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Aubrey Eyer, MD Life in the Fast Lane

As a boy, Aubrey Eyer only envisioned himself being two things as an adult—a doctor or a professional baseball player. While the latter was enticing, the first seemed more attainable, especially with the medical influences around him and his mother’s encouragement. “My mother had a number of close friends in medicine she held in high esteem. She was really my motivating force,” reflects Dr. Eyer.

A Southern California native, Dr. Eyer excelled at physiology and biology in school and went on to realize his boyhood dream of becoming a physician. For thirteen years, Eyer thrived as a Family Practice physician and saw a variety of patients, including pediatric and orthopedic patients. As specialties advanced, however, family practice became more and more narrow. “It just became too routine for me,” says Dr. Eyer.

Eyer decided to do some narrowing of his own. He felt anesthesia might be the answer. The discipline incorporated basic science, such as pharmacology and physiology—areas he felt would stimulate him as a physician. A NEW CAREER Dr. Eyer went back to school for a full three-year residency in anesthesia in 1986. “It was tough being a resident again for three years, but it was exciting and just what I needed,” he recalls. Still, the differences in anesthesia compared to family practice were significant. “I no longer have my own patients anymore,” Eyer notes, “yet I am still very important to each patient I come in contact with.” It was an adjustment, but the quick dynamics of anesthesia appealed to Dr. Eyer, who is Board Certified in Anesthesiology. “You’re handling a situation that is very acute. You give a drug—and you see its immediate effects. It’s very appealing.” [photo dir="assets/news/story/cfhlimages/200709/pprofile2.jpg" align="center"]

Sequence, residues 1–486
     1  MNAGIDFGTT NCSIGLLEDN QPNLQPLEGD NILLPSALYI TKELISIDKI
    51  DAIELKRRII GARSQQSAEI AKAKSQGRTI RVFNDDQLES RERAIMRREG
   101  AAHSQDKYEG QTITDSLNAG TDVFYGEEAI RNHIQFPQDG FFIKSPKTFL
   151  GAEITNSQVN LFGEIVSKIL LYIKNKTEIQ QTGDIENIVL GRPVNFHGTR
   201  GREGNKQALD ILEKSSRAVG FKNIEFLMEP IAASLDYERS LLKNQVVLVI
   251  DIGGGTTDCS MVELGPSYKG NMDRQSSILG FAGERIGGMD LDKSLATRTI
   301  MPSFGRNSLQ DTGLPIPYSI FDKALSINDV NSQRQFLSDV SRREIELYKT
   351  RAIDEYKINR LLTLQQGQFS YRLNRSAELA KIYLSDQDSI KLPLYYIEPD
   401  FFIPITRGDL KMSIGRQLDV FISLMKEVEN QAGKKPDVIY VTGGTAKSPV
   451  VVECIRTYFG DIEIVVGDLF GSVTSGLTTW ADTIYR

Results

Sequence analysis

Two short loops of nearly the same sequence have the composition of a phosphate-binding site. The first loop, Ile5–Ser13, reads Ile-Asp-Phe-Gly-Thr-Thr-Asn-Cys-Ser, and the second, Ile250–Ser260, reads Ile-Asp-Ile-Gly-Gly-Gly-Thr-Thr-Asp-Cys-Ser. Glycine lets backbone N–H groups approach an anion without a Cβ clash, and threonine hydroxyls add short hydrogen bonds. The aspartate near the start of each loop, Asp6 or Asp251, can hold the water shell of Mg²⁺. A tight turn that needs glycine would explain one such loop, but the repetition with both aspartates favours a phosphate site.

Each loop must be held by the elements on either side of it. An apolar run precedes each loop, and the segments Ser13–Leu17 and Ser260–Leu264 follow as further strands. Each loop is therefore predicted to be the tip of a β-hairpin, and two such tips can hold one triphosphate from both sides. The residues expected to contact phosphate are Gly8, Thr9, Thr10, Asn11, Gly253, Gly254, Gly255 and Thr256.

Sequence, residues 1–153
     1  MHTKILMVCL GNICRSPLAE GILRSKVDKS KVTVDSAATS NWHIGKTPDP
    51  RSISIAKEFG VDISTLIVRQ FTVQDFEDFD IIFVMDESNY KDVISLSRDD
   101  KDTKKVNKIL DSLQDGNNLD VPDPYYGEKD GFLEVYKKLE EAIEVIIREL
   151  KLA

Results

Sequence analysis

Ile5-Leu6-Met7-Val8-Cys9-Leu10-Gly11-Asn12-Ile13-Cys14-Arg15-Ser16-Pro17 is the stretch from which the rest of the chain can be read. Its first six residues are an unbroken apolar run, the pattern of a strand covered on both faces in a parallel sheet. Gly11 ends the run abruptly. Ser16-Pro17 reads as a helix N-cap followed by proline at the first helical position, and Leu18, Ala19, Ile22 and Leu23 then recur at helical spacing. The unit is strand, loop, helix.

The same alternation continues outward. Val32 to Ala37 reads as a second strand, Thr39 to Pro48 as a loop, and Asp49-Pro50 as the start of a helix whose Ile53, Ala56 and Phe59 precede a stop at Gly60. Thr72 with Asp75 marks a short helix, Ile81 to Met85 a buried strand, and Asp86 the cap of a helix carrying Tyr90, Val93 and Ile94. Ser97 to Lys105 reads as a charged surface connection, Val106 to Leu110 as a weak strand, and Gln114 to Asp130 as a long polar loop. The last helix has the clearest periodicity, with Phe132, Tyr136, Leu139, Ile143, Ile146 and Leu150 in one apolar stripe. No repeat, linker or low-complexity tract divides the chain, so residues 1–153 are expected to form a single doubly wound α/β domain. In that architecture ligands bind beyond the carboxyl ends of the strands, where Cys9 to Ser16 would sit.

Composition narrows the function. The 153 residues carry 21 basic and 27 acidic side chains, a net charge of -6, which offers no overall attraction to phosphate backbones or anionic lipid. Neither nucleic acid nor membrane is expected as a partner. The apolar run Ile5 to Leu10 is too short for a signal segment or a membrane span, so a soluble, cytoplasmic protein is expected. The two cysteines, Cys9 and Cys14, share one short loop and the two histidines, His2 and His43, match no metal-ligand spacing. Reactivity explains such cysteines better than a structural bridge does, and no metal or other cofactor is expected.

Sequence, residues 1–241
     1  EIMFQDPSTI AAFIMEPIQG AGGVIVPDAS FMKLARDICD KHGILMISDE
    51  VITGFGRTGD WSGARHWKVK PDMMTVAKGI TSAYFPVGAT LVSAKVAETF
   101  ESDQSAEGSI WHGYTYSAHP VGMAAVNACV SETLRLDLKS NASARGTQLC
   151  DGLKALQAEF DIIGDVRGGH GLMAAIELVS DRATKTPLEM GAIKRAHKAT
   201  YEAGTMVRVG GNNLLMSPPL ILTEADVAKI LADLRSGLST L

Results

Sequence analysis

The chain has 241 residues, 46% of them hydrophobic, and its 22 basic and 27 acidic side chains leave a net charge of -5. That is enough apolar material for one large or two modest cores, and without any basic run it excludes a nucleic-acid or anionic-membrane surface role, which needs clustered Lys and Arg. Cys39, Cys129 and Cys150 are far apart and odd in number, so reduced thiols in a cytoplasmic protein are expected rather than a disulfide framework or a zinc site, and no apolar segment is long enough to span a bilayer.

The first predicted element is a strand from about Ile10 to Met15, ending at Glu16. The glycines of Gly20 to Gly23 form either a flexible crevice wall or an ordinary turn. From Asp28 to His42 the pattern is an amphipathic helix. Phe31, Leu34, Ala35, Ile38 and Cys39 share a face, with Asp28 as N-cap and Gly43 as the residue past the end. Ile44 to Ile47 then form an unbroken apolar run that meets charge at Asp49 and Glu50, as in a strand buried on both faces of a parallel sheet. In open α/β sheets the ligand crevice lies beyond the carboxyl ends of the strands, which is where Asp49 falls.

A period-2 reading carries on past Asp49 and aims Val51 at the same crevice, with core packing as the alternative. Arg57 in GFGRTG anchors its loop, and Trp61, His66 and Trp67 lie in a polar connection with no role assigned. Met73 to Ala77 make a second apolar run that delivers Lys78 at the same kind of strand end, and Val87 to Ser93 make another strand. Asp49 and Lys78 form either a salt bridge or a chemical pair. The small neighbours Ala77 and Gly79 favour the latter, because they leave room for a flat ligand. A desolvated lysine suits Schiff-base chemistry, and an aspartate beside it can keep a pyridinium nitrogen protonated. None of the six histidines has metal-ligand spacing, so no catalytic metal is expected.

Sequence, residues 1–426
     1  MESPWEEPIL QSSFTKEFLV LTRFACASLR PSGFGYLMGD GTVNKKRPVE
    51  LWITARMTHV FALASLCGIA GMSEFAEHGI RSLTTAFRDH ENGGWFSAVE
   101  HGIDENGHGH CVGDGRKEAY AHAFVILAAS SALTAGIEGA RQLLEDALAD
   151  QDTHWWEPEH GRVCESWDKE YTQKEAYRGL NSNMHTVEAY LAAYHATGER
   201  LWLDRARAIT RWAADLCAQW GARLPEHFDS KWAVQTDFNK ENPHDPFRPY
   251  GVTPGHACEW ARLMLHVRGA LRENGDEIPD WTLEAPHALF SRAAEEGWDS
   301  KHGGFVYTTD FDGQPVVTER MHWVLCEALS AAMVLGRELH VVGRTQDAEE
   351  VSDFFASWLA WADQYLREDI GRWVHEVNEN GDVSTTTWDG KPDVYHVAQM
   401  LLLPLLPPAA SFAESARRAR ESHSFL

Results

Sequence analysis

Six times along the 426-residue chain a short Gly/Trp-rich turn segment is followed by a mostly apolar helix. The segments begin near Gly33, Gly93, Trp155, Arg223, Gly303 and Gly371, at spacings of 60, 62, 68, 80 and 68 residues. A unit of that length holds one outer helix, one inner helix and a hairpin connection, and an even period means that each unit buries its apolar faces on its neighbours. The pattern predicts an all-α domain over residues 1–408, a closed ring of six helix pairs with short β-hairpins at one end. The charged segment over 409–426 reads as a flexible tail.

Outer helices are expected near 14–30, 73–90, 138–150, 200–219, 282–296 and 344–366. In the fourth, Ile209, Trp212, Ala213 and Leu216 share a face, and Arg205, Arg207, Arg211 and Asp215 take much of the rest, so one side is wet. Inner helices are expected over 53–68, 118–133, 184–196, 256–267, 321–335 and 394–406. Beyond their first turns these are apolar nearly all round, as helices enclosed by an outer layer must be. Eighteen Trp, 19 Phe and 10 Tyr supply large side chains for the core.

Today, Eyer serves as Anesthesiology Section Chief in the division of Surgery at Eisenhower Medical Center where he works alongside his wife Debbie, a nurse in the pre-operative interview department. “Another reason I think I went into anesthesia is you have the ability to control things.We see a lot of people who are very ill. To be able to get them through a procedure safely and in a comfortable manner—that’s very rewarding,” says Dr. Eyer. NEED FOR ADVENTURE While Eyer is an avid cyclist, skier, mountain biker, and is a loyal University of Southern California alumnus who can be found tailgating at home and away games, it is his love of cars that tops his list of hobbies.

Appealing to his daring nature, car racing is a favorite pastime. Dr. Eyer has owned Porsches since the mid-70s and is a member of the Porsche Club of America. “I like to drive the cars hard and take them up to the speeds they were built for within the controlled environment of a racetrack,” Eyer explains. An incident last year when he spun out and came in contact with a cement railing was an eye opener. Eyer smiles, “It gets your attention. I learned a lot on that one!”

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